When we think of the art of photography and the craft of photography, the first important feature of our images is their exposure. Exposure is a critical part of taking a photograph, determining what exactly is captured on the film or image sensor. To take a well-exposed picture, three parameters need to be set correctly: ISO (sensitivity), aperture and shutter speed.
What controls exposure?
The ISO values give the sensitivity of the image sensor, each value class indicating the amount of light captured. An increase or decrease in the ISO value causes the light sensitivity of the sensor to double or halve.
The aperture, also known as the lens aperture, determines the amount of light that passes through the lens to the plane of the film. The size of the aperture is indicated by the f-number, each f value characterising the amount of light captured.
The shutter speed is an indication of the length of time the sensor is recording and the amount of light reaching the sensor. This factor is measured in fractions of a second.
When you combine these three factors, you get a certain exposure value (EV) as a setting. Changing one (any) of these three values has a measurable, specific effect on the result produced by the other two, i.e. the way the image will eventually appear. For example, increasing the f-stop value will reduce the aperture of the lenses, so less light reaches the image sensor, but it will also increase the DOF (depth of field) of the final image.
Reducing the shutter speed will affect the capture of movement, blurring or blurring the background or subject in the final image. However, it will also increase the amount of light reaching the image sensor, making everything brighter.
Increasing the ISO value will allow you to shoot in less bright settings and situations, but it will also reduce the noise that comes with it. It’s impossible to change one of the three values without affecting the photo independently, without changing the EV, or without having the opposite effect on the image of the other two values.
ISO is actually an acronym that stands for International Standards Organization. ISO has a minimum value of 25, but can go up to 3200 (or more) and is an indicator of light sensitivity. The lower the ISO value, the less sensitive the image sensor, and the smoother the image, because the noise level will be lower. The higher the ISO value (more sensitive), the more the image sensor has to work to produce an effective image, which will result in more image noise (think of the tiny colour spots in the shadows and midtones).
Well, what do we call a picture then?
Image noise is a light signal that does not originate from the subject and thus causes random patches of colour in the image. Digital camera engineers have designed the image sensor to perform best at the lowest possible ISO (just like film). In most digital cameras this is ISO 100, but some professional DSLR cameras have a feature that allows you to bring this down to 50 or even 25.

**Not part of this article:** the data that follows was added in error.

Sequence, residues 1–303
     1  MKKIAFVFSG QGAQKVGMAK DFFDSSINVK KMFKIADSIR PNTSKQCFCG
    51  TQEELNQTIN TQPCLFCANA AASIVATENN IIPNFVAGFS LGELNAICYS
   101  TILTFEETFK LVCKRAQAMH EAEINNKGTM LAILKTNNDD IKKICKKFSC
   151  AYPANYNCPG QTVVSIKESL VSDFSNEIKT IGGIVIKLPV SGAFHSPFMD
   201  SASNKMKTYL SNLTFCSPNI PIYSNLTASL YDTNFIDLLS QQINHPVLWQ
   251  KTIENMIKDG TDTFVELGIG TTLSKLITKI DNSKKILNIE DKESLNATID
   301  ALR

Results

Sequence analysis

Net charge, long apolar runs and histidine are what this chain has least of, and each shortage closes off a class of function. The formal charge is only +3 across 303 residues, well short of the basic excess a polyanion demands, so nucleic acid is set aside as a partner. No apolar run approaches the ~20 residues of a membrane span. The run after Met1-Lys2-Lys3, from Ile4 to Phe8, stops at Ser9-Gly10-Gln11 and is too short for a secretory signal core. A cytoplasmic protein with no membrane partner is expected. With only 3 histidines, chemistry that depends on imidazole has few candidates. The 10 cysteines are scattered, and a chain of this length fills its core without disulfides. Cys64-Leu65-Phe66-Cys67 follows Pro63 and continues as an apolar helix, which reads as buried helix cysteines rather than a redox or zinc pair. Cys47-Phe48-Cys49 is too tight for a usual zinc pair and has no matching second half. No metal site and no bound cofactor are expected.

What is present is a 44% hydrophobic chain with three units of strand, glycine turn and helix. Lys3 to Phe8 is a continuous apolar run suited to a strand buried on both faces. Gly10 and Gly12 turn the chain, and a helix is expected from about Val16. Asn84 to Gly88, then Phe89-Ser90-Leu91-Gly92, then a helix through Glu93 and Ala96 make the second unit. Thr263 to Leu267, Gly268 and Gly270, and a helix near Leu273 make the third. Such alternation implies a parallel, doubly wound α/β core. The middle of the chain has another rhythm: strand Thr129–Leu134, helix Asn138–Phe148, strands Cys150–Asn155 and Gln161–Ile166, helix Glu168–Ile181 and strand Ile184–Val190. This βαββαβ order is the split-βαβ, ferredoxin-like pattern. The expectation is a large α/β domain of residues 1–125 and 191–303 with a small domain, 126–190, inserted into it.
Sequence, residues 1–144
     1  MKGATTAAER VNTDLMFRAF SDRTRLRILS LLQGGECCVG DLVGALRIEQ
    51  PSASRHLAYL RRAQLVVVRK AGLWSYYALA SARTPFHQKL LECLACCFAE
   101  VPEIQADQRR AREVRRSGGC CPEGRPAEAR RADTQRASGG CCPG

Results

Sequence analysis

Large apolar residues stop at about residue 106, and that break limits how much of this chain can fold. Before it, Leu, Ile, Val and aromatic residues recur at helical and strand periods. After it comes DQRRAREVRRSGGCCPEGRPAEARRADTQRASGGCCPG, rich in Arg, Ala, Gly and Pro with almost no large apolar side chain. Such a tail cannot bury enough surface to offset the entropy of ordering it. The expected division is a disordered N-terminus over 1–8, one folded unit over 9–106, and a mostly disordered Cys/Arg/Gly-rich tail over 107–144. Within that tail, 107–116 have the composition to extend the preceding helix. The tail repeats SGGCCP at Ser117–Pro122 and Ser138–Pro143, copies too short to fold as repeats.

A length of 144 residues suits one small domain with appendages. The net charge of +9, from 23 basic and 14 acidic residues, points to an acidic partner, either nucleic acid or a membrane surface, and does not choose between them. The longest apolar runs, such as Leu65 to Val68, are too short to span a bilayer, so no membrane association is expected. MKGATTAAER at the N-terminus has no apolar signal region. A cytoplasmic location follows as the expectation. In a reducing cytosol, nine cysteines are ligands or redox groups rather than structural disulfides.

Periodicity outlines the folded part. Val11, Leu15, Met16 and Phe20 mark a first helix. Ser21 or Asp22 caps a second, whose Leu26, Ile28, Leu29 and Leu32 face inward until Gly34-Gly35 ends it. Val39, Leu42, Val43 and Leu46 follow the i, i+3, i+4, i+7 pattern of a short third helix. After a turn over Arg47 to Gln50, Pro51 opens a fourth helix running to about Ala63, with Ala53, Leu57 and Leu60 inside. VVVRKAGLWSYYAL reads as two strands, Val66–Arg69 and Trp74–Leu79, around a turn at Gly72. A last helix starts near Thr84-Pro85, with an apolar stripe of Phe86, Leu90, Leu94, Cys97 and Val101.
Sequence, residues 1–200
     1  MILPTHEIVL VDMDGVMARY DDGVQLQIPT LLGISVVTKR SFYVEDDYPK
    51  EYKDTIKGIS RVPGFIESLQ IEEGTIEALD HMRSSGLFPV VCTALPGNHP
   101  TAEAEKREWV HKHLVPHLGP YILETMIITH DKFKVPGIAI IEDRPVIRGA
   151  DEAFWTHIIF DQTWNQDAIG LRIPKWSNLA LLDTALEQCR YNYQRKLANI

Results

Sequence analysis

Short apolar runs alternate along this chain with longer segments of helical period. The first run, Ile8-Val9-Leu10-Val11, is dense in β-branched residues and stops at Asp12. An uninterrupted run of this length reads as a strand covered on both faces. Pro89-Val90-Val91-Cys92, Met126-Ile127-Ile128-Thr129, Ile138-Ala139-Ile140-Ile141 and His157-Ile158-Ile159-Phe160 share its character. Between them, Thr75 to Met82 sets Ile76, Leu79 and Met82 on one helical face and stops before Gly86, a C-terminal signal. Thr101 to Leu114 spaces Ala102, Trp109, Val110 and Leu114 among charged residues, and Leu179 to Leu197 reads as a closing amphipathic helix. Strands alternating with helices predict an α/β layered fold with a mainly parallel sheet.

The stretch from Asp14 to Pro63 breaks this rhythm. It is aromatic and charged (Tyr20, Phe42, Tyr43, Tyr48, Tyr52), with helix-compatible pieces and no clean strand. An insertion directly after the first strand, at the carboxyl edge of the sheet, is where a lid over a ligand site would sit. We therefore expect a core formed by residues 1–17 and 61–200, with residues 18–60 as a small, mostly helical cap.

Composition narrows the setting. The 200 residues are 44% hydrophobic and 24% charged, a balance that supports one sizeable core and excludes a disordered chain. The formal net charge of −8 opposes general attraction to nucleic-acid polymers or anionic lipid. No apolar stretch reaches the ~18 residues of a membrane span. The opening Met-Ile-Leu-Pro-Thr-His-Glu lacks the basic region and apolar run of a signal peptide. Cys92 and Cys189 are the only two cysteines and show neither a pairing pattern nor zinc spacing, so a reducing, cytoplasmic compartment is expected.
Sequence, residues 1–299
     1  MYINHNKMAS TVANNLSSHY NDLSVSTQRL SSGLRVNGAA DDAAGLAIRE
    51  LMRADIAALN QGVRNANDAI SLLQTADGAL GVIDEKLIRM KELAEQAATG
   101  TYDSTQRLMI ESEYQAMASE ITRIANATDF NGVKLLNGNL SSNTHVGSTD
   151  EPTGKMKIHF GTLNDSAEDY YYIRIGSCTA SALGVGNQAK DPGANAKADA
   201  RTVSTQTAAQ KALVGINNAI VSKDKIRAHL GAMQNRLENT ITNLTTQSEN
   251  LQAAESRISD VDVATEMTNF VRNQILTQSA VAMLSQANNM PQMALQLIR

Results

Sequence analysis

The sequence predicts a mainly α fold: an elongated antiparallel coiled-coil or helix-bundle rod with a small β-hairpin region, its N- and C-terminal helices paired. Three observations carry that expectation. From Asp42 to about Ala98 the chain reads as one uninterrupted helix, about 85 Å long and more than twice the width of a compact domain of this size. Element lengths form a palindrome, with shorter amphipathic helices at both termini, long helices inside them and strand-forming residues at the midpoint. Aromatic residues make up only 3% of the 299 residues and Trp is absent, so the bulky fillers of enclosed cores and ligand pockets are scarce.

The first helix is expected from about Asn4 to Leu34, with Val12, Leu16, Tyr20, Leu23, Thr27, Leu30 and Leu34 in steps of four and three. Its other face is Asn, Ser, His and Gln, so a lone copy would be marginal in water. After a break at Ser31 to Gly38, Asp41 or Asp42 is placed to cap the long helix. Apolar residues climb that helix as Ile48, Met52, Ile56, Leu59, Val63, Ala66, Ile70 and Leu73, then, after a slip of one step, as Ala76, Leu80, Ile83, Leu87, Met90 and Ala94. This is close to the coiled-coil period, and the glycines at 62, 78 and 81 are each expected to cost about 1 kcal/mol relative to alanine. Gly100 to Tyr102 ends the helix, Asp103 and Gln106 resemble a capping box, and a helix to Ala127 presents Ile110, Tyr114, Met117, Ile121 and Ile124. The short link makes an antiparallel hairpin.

The lens aperture controls the amount of light that passes through the lens. At a low f-stop, say f/2, a huge amount of light passes through the lens in a short fraction of a second; but at f/22, when the aperture is probably as small as possible, only a very small amount of light passes through (even at longer shutter speeds).
It is interesting to note about blend and f-values that the focal point of the lens does not matter as long as the f-number remains constant. That’s because the arithmetic equation that determines the f-value indicates that the same amount of light passes through a 35mm lens and a 100mm version at a shutter speed of 1/125 second. The aperture size is of course different, but the amount of light passing through is the same.
Shutter speed is measured in fractions of a second, and is a measure of how quickly the curtains open and close on the film. The shutter speed determines how long light is allowed to pass through the lens and be recorded on the image sensor or film.
The shutter speed also determines how we get a moving object. If the shutter speed is faster than the subject or background, the captured image will be pin sharp. If the shutter speed is slower, you get a blurred image. Just think of rain in a storm, how fast do raindrops fall? Well, at 1/30 the raindrops are no more than indistinguishable white streaks, while at 1/250 they float in the air, each raindrop perfectly distinct and visible.
Over-exposure and under-exposure
How can we define overexposure and underexposure if we have argued that “correct” exposure is subjective? Simply and concisely, overexposure is when the information in the highlights is definitely illegible. In the case of this type of overexposure, there is no way to “recover” the missing information in the digital darkroom.
The concept of underexposure is based on much the same concept, with the difference that in this case there is no image information at all in the shadow part. This non-existent information also cannot be “recovered” by post-production. In digital photography, once a piece of image information is lost, there is no way to recover it. This is not always the case in the world of photochemistry in film photography. In film processing (as opposed to digital), it is possible to “find” the “lost” image information of overexposed images and, in printing, the missing image information of overexposed photos.